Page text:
What do we need to consider in order to achieve a truly diverse urban forest?

THERE is an increasing appreciation of the benefits trees provide, especially in the urban environment. It is generally accepted that more trees need to be planted. Ambitious numeric targets for tree planting, coupled with equally ambitious targets to increase canopy cover by a certain number of percentage points, emerge on an almost daily basis, initiated by government, both central and local, along with the many initiatives of NGOs and community groups.

Such initiatives at both local and national level are to be welcomed and, some would argue, long overdue. Yet, more often than not, there is a lack of any evidence base to support the achievability of such targets. The question ‘what have we got?’ remains largely unanswered and the question ‘where do we want to be?’ is rarely asked or defined in any sort of long-term strategic management plan for the urban forests of the UK. There is rarely a baseline which indicates the current position accurately, making it difficult if not impossible to strategically plan for urban forest development into the future.

Forestry Journal: A mixed species avenue in the USA.A mixed species avenue in the USA.

The work of Treeconomics and others has produced baseline data for many local authorities and landowners using i-tree and other tools to provide extensive detail, including ecosystem service benefits, population mix and economic value.

It is true that urban tree populations, at a time when more planting is being encouraged, face increasing pressures, the most notable being the accelerated introduction of imported pests and/or diseases and the effects of climate change on urban environments both now and into the future. They also deliver many social benefits such as improved health and well-being which, at present, cannot be quantified accurately using the tools available. It is fair to say that the estimation of the public goods delivered by trees is undervalued.

Increasingly, there is a focus on diversity within urban tree populations and how the strategic pursuance of such diversity offers, through inbuilt resilience, the potential to, at the very worst, ameliorate some of these pressures and at the very best prevent wholesale damage to highly vulnerable tree populations, as well as adding to the benefits and public goods delivered.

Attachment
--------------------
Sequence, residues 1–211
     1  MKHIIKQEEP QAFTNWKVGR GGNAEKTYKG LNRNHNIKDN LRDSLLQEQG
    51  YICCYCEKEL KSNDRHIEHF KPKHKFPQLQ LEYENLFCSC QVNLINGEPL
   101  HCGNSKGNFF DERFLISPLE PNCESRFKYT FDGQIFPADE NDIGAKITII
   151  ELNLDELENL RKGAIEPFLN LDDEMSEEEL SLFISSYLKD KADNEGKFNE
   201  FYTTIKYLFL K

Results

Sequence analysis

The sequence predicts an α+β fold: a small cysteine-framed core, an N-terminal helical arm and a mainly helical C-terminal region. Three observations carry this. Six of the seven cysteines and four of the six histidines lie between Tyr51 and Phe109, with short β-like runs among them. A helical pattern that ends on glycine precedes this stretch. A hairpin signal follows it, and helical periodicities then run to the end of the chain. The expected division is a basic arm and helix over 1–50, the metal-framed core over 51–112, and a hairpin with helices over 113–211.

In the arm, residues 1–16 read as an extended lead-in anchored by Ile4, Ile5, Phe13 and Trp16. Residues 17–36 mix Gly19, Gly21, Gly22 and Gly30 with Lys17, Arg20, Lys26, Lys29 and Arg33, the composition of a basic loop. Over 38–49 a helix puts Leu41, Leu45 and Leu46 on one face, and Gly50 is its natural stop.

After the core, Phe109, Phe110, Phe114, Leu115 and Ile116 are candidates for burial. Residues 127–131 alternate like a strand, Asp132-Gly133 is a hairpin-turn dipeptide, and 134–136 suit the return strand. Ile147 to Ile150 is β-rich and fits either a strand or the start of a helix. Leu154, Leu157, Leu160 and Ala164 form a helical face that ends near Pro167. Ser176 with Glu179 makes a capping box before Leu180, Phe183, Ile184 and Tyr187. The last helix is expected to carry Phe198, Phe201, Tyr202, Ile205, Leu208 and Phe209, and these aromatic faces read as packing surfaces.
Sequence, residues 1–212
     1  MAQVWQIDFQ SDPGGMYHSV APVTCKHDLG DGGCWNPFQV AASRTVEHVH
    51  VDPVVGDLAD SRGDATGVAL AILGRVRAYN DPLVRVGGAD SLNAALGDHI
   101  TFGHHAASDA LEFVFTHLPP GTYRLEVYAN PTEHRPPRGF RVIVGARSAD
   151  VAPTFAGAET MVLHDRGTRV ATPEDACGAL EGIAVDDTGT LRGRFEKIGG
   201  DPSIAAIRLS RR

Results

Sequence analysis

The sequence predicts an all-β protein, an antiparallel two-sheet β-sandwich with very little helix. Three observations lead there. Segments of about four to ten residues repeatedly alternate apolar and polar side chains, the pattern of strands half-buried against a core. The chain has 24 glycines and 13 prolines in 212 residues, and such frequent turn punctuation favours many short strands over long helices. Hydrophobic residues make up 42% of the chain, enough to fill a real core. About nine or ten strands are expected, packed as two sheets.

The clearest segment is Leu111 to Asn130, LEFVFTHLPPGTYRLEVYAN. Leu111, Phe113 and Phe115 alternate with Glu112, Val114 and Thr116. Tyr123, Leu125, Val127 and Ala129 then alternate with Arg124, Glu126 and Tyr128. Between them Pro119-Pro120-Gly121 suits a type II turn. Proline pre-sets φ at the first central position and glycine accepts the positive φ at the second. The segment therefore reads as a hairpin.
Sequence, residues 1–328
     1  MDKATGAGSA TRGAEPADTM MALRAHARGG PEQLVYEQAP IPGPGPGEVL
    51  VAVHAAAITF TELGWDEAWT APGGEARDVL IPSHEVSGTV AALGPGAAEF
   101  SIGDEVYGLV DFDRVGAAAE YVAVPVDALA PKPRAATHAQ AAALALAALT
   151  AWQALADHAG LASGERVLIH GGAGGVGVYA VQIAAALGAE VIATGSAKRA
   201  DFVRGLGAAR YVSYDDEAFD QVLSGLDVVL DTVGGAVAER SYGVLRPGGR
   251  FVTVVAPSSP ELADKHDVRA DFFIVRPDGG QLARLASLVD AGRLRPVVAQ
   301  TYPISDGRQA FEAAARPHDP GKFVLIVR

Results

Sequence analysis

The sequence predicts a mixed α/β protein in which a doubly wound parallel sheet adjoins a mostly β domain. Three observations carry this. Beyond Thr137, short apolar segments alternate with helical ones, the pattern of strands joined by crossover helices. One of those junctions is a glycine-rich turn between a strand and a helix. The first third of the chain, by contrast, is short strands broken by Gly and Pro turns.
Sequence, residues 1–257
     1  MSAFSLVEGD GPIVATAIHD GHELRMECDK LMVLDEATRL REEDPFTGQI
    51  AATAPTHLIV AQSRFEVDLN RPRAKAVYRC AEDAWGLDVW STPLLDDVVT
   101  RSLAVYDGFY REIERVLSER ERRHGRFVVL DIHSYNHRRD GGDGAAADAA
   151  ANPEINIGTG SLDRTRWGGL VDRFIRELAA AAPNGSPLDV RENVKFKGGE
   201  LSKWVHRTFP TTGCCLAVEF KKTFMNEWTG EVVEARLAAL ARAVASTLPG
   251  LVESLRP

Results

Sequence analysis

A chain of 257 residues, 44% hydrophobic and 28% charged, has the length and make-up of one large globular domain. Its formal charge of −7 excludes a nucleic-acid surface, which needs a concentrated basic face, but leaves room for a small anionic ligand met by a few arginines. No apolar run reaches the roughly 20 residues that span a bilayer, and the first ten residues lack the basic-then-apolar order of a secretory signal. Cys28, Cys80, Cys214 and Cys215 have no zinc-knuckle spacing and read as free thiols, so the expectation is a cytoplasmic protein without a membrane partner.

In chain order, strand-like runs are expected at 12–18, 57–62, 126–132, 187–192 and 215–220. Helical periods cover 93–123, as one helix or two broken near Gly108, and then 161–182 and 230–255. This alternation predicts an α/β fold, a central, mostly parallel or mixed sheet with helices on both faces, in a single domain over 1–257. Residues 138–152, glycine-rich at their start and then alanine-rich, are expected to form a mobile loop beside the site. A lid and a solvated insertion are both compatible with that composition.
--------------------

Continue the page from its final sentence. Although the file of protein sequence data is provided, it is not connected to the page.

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The subject of strategic urban forest management begins with the question, ‘what have we got?’. Without this knowledge, it is difficult to see how resilience can be achieved through diversity. A knowledge of the composition of existing tree populations, with evidence of existing species diversity, age and size class diversity and – if possible – genetic diversity is essential if resilience is to be achieved. How is it possible to plan what to plant where and in what quantity, without a basic understanding of what is already there?

Forestry Journal: A one-species avenue, folly or not in terms of diversity.A one-species avenue, folly or not in terms of diversity.

In the UK, at the time of writing, the evidence base is fragmented and partial, but what information exists suggests that urban tree populations, while diverse at an individual species level, are highly dependent on relatively few species.

Trees in Towns II, the last comprehensive review of trees in urban areas in England, reported that six species accounted for 37 per cent of all trees and shrubs planted in England’s cities. Evidence from i-tree studies from around Europe suggest this has not changed a great deal and that our urban spaces are heavily reliant on a few species. Recent work carried out by Forest Research examining 12 i-tree studies in the UK concluded that locations were typically represented by a small number of species. Over the years, several theoretical models have emerged as to the metrics which can be used to achieve sensible and resilient species diversity within the urban environment. Of these, the most frequently quoted is Frank Santamour’s rule. He states the ideal would be that no urban tree population should comprise more than 10 per cent of any given species, no more than 20 per cent of any particular genus and no more than 30 per cent of any given family.